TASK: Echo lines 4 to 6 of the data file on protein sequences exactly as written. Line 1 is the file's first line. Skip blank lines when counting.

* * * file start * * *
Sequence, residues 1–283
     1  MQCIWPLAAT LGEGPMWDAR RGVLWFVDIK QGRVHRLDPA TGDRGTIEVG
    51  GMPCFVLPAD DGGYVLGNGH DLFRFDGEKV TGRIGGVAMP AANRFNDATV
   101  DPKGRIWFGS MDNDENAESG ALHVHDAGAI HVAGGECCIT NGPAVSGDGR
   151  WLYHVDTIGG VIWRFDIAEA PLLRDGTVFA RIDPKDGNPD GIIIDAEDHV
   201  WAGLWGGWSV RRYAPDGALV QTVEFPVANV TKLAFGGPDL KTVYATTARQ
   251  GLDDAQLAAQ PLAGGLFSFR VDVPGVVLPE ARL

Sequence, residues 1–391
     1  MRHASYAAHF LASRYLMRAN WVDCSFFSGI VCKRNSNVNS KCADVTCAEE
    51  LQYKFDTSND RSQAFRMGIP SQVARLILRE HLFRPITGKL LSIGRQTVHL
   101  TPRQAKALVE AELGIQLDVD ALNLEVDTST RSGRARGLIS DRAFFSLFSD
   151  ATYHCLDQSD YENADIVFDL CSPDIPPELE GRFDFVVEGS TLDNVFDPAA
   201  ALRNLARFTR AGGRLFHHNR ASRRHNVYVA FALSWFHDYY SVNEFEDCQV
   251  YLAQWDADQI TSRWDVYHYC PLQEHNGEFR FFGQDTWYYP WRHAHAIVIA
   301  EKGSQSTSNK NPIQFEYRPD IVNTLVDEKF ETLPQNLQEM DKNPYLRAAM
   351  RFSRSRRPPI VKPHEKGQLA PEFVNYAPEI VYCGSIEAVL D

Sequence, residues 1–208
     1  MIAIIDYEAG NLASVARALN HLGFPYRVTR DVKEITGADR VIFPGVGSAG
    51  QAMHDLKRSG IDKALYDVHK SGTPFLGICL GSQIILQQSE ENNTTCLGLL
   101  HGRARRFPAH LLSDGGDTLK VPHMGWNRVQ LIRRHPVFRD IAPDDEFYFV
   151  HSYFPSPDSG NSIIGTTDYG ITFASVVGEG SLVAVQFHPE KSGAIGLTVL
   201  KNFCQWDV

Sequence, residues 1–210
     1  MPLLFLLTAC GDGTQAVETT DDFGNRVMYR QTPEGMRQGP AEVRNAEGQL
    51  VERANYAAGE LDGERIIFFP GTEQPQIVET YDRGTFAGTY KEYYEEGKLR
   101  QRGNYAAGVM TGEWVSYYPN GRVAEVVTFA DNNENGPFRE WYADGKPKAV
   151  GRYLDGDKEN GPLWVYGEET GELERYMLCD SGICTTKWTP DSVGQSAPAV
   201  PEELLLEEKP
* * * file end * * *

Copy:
   101  DPKGRIWFGS MDNDENAESG ALHVHDAGAI HVAGGECCIT NGPAVSGDGR
   151  WLYHVDTIGG VIWRFDIAEA PLLRDGTVFA RIDPKDGNPD GIIIDAEDHV
   201  WAGLWGGWSV RRYAPDGALV QTVEFPVANV TKLAFGGPDL KTVYATTARQ